Whenever I ask a local government official if they use social media channels to communicate with their constituents, I usually get a scrunched up face, “you have two heads”, “why would I need to do that”, type of reaction. A fair reaction I suppose. Certainly, many don’t really think about social media as a tool that they should be using – none the less understand how to use it this way well.
Then I ask a few questions:
- Did you know that 74% of all internet users are using social networking in one way or another? AND 71% of online adults are using Facebook!
- Did you know that research shows that Facebook users are much more politically engaged than most people?
- And did you know, in 2014, for the first time, more than half of all online adults 65 and older (56%) use Facebook? This represents 31% of all seniors.
I love the use of stats like these – they usually get people’s attention because they start to understand that an audience is available to them through these channels. The next question they usually ask is “Great. But I don’t have time for that. What’s in it for me?” Again, fair question.
A sense of community is something most governments and residents can agree is a good thing – but not something always easy to achieve. Social media can help to foster a sense of strong community when a government shows that it’s engaged with its residents and communicating with them. And a government that is open and transparent with its residents is able to develop a deeper trust and positivity.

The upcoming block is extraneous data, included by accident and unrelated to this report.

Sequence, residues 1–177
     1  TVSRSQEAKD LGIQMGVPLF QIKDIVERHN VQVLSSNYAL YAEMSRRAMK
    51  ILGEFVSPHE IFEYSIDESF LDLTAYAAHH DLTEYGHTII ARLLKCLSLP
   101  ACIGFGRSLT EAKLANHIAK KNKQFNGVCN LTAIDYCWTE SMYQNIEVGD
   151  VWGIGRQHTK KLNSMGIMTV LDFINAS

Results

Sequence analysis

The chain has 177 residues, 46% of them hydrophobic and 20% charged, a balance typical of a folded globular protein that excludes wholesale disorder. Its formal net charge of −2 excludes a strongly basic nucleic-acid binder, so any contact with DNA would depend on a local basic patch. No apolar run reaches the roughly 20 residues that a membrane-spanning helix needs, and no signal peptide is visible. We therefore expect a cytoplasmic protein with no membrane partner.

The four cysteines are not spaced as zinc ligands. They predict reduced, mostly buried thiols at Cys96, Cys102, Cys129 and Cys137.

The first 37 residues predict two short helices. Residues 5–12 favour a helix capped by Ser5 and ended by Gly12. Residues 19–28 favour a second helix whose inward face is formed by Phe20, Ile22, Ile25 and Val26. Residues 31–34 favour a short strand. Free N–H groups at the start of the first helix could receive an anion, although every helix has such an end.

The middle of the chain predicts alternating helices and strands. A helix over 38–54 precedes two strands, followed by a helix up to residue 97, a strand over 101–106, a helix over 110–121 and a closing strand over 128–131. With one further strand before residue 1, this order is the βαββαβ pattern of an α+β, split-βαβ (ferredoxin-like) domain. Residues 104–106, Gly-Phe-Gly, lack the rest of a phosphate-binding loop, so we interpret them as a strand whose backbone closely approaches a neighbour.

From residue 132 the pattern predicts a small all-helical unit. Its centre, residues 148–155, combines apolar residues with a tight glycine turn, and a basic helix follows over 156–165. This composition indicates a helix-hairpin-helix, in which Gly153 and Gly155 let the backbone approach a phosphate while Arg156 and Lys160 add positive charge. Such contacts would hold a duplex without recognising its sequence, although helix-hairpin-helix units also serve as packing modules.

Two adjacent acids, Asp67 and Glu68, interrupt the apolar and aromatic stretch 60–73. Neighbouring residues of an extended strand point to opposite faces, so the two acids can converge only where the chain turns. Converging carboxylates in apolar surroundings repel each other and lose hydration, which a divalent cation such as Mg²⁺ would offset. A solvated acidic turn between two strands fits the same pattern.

When there’s concern or discontent about local issues, those conversations will happen on social media whether the government officials are there or not. So it makes sense for governments to have a voice, to alleviate concerns, set the record straight when facts are distorted (preferably not in an overly defensive manner!), converse with residents who have questions, and even to apologize when necessary.
And of course when things are going well in the community, relations with local government can be improved simply by the government being seen to celebrate good news and success stories that others are sharing on social.
Convinced, right? Maybe, maybe not. Want to know how to do this well?
On Tuesday, June 23rd, I will host a free webinar sharing more insights on the use of social media – specifically for local government officials.